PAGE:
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Today's Stichomancy for Liam Neeson

The first excerpt represents the past or something you must release, and is drawn from Lord Arthur Savile's Crime, etc. by Oscar Wilde:

waiting for him there with the big garden-syringe; and being thus hemmed in by his enemies on every side, and driven almost to bay, he vanished into the great iron stove, which, fortunately for him, was not lit, and had to make his way home through the flues and chimneys, arriving at his own room in a terrible state of dirt, disorder, and despair.

After this he was not seen again on any nocturnal expedition. The twins lay in wait for him on several occasions, and strewed the passages with nutshells every night to the great annoyance of their parents and the servants, but it was of no avail. It was quite evident that his feelings were so wounded that he would not appear.

The second excerpt represents the present or the deciding factor of the moment, and is drawn from Plutarch's Lives by A. H. Clough:

rest of their fleet at leisure. This being done, Aristides, the son of Lysimachus, was the first man that perceived it, and went to the tent of Themistocles, not out of any friendship, for he had been formerly banished by his means, as has been related, but to inform him how they were encompassed by their enemies. Themistocles, knowing the generosity of Aristides, and much struck by his visit at that time, imparted to him all that he had transacted by Sicinnus, and entreated him, that, as he would be more readily believed among the Greeks, he would make use of his credit to help to induce them to stay and fight their enemies in the narrow seas. Aristides applauded Themistocles, and went to the other commanders and captains of the galleys, and encouraged them to engage;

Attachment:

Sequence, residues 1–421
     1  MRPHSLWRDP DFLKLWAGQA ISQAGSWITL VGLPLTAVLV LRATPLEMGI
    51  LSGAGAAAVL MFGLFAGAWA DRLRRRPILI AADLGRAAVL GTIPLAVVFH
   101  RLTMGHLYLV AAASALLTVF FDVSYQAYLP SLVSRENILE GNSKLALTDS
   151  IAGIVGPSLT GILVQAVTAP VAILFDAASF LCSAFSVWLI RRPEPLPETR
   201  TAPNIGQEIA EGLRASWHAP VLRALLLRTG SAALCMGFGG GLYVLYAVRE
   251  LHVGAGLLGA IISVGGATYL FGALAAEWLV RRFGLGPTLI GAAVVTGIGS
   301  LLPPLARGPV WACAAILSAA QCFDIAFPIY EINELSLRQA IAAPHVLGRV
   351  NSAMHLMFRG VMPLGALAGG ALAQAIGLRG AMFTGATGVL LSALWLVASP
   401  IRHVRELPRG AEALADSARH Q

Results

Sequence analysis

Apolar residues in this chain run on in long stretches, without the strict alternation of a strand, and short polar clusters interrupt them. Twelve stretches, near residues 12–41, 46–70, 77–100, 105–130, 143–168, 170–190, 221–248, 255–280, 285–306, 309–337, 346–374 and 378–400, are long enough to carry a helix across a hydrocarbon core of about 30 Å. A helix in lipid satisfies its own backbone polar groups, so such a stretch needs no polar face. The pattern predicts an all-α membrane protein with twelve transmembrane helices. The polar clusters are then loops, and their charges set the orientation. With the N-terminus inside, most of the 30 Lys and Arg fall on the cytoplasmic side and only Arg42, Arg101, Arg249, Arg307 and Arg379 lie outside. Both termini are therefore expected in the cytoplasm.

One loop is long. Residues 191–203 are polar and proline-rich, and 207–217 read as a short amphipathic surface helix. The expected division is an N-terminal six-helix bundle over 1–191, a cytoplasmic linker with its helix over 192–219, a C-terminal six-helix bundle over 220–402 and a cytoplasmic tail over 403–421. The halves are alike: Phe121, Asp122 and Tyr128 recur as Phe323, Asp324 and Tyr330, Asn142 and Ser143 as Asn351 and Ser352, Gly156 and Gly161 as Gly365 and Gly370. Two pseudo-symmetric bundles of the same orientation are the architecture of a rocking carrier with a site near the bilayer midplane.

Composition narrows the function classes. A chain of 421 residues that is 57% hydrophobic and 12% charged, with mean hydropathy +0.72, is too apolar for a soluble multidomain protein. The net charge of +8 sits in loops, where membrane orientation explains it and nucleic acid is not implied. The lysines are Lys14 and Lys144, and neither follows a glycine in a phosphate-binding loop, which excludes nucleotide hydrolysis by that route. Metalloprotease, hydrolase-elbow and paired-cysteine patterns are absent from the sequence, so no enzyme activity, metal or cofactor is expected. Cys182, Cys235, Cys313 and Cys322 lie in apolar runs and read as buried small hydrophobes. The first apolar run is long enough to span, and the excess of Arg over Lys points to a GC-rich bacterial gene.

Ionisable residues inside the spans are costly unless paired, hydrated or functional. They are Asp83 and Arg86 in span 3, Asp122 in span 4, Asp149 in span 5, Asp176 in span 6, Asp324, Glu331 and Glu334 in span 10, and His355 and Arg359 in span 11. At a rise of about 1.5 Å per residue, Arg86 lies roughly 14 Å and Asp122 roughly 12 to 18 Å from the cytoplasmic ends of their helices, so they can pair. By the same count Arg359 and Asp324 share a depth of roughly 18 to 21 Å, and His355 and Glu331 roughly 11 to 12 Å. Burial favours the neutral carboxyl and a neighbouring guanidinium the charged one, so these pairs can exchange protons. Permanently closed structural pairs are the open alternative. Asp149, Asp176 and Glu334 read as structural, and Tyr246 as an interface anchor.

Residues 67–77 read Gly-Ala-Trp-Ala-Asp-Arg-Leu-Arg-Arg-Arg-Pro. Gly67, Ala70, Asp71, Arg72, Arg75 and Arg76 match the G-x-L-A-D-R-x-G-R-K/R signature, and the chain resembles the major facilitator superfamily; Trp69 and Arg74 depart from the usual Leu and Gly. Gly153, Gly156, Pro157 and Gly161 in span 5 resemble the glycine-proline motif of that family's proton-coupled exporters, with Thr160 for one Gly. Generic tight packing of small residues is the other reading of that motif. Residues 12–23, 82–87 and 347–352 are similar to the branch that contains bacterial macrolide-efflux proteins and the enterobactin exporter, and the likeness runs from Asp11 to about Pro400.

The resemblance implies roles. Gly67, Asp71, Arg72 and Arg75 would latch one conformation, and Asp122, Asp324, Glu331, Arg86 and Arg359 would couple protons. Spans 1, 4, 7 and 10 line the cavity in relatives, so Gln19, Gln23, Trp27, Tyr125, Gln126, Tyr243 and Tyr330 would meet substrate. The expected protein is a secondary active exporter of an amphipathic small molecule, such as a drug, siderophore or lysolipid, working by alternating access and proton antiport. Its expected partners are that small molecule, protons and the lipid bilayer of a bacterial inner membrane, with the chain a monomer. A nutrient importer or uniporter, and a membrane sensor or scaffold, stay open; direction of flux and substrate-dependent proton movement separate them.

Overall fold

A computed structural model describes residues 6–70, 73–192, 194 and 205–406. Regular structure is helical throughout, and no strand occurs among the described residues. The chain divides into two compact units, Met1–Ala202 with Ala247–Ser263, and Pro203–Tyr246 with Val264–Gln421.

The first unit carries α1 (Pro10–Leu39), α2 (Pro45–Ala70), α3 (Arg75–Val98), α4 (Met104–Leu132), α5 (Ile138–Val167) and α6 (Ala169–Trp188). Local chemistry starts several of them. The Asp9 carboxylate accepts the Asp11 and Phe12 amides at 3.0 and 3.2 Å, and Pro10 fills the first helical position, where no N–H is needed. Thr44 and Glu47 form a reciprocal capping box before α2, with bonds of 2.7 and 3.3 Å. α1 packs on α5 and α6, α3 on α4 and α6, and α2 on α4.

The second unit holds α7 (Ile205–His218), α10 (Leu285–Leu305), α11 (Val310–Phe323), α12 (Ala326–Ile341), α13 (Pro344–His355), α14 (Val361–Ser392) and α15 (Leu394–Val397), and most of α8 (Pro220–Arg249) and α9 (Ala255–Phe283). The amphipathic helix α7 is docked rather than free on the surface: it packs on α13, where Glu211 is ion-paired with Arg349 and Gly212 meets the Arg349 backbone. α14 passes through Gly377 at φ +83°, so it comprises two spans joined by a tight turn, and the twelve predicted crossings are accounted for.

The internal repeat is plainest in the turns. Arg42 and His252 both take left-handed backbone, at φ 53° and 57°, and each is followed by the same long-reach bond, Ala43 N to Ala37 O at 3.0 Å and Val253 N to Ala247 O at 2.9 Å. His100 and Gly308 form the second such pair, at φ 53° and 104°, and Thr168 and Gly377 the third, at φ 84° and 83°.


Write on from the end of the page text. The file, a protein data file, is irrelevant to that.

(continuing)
The third excerpt represents the future or something you must embrace, and is drawn from Virginibus Puerisque by Robert Louis Stevenson:

anticipation, as do so many others of the same family. It will leave him wider awake than it found him, and give a new significance to all he may see for many days to come. There is something in the mere name of the South that carries enthusiasm along with it. At the sound of the word, he pricks up his ears; he becomes as anxious to seek out beauties and to get by heart the permanent lines and character of the landscape, as if he had been told that it was all his own - an estate out of which he had been kept unjustly, and which he was now to receive in free and full possession. Even those who have never been there before feel as if they had been; and